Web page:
The Pew Research Center wanted to learn about global views on the importance of religion and family life, so they surveyed over 30,000 people in 27 countries. One set of questions presented was, “Does religion play a more or less important role today than it did 20 years ago, and is that good or bad?” A second query set was, “Are family ties stronger or weaker than they were 20 years ago, and is that good or bad?”
A large majority in most countries agreed on the two questions involving family ties. There is strong agreement that family ties are weakening and that it is a bad thing. Across the 27 countries, 58 percent said that family ties had weakened while 22% said there was no change and only 15% said they had strengthened.
There was less agreement concerning religion. A median 37% said that religion plays a less important role in their countries today, while 27% said it is more important. Interestingly, most of the people surveyed were NOT OPPOSED to religion playing a more important role in their countries. The most significant opposition to religion’s role seems to be in Europe with Sweden (51%), France (47%), and the Netherlands (45%). In the United States, only 18% are opposed to a more important role for religion in the nation. In Canada, the opposition is 29%.
The countries where the largest percentage of people said that family ties are strengthening are Indonesia and the Philippines. The countries where more people said that religion plays a more important role now than 20 years ago include the Philippines, Kenya, Nigeria, and Indonesia. By far, the people of Indonesia said that religion plays a more important role now (83%). Indonesia is 87% Muslim, and Nigeria is evenly split between Christians and Muslims. Kenya is 83% Christian and the Philippines 90% Christian in the broadest sense.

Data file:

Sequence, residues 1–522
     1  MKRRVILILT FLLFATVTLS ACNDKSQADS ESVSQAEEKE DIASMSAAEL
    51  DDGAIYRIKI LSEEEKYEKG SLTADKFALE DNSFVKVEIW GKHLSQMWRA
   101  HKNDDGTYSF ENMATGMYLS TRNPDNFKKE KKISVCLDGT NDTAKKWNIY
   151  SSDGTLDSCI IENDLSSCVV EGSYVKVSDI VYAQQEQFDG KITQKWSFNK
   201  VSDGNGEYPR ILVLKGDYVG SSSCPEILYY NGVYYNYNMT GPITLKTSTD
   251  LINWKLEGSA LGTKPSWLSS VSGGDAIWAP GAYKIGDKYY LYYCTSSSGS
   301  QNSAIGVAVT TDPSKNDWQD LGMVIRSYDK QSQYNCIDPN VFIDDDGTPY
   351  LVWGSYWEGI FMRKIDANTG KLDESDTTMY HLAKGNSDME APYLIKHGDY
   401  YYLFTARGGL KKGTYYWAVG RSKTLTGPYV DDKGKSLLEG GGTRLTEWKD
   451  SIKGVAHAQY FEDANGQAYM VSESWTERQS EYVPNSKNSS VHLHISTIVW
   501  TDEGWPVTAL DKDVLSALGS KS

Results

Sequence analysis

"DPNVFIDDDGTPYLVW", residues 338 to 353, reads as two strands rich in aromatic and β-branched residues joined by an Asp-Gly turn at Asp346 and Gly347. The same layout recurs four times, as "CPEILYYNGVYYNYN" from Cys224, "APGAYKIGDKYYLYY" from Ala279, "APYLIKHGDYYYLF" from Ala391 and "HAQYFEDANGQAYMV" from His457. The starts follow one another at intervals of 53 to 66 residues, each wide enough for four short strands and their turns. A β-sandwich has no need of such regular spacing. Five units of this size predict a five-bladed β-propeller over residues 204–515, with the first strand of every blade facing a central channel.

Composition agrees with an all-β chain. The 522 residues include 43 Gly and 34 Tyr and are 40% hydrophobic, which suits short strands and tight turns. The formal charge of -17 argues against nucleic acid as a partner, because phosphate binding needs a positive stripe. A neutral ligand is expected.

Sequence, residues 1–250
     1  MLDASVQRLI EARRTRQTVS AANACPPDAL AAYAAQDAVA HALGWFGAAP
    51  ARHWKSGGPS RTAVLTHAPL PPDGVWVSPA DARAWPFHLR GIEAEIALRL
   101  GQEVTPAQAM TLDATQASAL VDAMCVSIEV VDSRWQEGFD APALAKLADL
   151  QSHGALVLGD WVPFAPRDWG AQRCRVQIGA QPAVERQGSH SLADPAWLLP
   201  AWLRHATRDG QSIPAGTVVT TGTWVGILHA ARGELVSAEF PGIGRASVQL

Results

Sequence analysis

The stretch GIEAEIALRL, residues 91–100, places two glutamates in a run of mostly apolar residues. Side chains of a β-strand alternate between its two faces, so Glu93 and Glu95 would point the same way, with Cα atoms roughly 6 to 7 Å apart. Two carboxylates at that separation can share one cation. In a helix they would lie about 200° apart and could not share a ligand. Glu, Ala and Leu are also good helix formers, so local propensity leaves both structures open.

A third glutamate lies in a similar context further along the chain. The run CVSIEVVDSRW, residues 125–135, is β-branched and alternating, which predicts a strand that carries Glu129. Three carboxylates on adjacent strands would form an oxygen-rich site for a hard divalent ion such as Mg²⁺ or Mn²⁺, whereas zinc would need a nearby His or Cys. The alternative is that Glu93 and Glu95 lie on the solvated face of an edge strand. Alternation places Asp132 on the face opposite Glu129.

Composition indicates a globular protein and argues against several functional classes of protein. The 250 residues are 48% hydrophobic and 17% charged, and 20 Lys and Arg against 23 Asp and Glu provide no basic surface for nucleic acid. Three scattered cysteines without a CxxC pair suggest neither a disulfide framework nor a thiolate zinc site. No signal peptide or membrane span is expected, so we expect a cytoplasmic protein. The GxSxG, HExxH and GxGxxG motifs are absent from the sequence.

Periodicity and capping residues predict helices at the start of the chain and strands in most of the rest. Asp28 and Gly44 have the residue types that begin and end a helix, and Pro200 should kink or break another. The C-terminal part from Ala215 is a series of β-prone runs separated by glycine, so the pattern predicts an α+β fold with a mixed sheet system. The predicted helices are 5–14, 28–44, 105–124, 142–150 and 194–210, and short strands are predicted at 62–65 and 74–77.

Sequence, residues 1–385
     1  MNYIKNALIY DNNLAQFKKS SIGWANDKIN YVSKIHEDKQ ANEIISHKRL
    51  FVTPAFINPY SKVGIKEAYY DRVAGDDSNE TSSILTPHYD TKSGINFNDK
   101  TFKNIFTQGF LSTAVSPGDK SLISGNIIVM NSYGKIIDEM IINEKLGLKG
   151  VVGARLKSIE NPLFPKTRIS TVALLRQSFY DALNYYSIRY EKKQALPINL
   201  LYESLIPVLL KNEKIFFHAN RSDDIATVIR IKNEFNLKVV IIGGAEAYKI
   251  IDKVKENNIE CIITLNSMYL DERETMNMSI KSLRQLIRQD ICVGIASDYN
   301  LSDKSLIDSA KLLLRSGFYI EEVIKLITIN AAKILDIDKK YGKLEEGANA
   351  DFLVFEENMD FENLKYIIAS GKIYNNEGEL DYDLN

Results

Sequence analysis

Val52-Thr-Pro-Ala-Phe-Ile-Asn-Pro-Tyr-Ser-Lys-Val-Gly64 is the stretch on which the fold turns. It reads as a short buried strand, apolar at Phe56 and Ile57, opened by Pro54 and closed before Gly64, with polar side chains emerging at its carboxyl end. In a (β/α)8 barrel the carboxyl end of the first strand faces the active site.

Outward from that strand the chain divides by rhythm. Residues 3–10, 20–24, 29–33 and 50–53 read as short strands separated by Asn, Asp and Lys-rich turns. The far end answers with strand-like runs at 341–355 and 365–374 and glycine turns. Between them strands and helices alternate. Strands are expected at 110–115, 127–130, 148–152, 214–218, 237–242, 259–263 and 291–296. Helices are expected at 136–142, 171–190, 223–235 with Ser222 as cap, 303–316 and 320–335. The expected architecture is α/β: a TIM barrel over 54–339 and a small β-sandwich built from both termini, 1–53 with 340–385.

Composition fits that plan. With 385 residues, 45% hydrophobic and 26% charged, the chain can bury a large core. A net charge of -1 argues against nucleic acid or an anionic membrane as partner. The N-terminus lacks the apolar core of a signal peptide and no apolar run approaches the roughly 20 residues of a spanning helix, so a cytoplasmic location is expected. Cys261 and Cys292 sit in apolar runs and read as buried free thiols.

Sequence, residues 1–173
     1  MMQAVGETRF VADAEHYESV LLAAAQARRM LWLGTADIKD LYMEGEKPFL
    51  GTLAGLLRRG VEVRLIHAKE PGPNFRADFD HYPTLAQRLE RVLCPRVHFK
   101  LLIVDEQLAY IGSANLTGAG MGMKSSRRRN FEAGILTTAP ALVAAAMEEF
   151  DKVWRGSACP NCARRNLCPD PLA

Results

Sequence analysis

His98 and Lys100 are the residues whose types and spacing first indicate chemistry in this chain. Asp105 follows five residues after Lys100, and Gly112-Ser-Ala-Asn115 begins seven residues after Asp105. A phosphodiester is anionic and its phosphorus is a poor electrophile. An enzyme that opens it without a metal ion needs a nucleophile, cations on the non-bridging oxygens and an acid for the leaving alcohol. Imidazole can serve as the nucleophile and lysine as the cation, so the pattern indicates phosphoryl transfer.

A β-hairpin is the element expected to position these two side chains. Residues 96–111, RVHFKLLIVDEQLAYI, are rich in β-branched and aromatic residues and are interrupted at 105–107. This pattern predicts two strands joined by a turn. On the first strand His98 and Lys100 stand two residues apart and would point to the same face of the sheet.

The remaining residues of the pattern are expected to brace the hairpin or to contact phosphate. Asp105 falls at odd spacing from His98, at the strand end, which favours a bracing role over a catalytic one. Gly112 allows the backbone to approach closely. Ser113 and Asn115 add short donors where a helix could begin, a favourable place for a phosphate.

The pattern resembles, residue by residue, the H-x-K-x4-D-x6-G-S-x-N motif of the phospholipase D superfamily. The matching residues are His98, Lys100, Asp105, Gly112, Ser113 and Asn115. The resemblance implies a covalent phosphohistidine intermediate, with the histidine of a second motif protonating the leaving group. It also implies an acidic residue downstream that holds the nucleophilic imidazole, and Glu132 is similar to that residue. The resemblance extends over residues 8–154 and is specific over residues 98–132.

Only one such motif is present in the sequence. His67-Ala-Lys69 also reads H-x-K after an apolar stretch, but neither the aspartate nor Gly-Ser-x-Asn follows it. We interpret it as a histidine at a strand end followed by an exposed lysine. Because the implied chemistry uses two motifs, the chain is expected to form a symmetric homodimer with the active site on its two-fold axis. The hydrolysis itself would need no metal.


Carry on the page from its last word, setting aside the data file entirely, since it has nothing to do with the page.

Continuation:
Not surprisingly, in the United States, people who consider themselves to be somewhat or very conservative (to the right end of the political spectrum) are 42% more likely to favor more religious influence in the country than those who are liberal or left-leaning. That attitude is reflected in the positions taken in the current U.S. Political campaign.
Yesterday we mentioned sunspots and their potential effect on our planet. Sunspots are areas where the local magnetic field is thousands of times stronger than on the rest of the Sun’s surface. We know that sunspots adversely affect electric grids and orbiting satellites. There are unanswered questions about sunspots and Earth’s climate.
When sunspots occur, the stronger magnetic field constricts the hot plasma of the Sun, creating a somewhat cooler area. Why is it, then, that historically in times when sunspots are rare, Earth’s climate has become colder? Are sunspots the cause, or was it just a coincidence?